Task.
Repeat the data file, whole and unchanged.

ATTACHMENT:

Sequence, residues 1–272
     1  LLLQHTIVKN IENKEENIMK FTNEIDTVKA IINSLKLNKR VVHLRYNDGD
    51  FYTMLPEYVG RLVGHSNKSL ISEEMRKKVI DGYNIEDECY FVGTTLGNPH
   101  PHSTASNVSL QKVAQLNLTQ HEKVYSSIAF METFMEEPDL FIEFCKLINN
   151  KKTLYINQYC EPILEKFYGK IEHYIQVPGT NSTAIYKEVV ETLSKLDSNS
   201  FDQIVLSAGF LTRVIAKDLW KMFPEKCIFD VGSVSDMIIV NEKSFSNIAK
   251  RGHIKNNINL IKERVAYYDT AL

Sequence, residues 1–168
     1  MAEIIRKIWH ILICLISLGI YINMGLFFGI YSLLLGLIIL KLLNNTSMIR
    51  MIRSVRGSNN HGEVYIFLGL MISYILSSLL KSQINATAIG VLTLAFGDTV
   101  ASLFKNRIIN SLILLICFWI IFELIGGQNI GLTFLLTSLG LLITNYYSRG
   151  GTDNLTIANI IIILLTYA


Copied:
Sequence, residues 1–272
     1  LLLQHTIVKN IENKEENIMK FTNEIDTVKA IINSLKLNKR VVHLRYNDGD
    51  FYTMLPEYVG RLVGHSNKSL ISEEMRKKVI DGYNIEDECY FVGTTLGNPH
   101  PHSTASNVSL QKVAQLNLTQ HEKVYSSIAF METFMEEPDL FIEFCKLINN
   151  KKTLYINQYC EPILEKFYGK IEHYIQVPGT NSTAIYKEVV ETLSKLDSNS
   201  FDQIVLSAGF LTRVIAKDLW KMFPEKCIFD VGSVSDMIIV NEKSFSNIAK
   251  RGHIKNNINL IKERVAYYDT AL

Sequence, residues 1–168
     1  MAEIIRKIWH ILICLISLGI YINMGLFFGI YSLLLGLIIL KLLNNTSMIR
    51  MIRSVRGSNN HGEVYIFLGL MISYILSSLL KSQINATAIG VLTLAFGDTV
   101  ASLFKNRIIN SLILLICFWI IFELIGGQNI GLTFLLTSLG LLITNYYSRG
   151  GTDNLTIANI IIILLTYA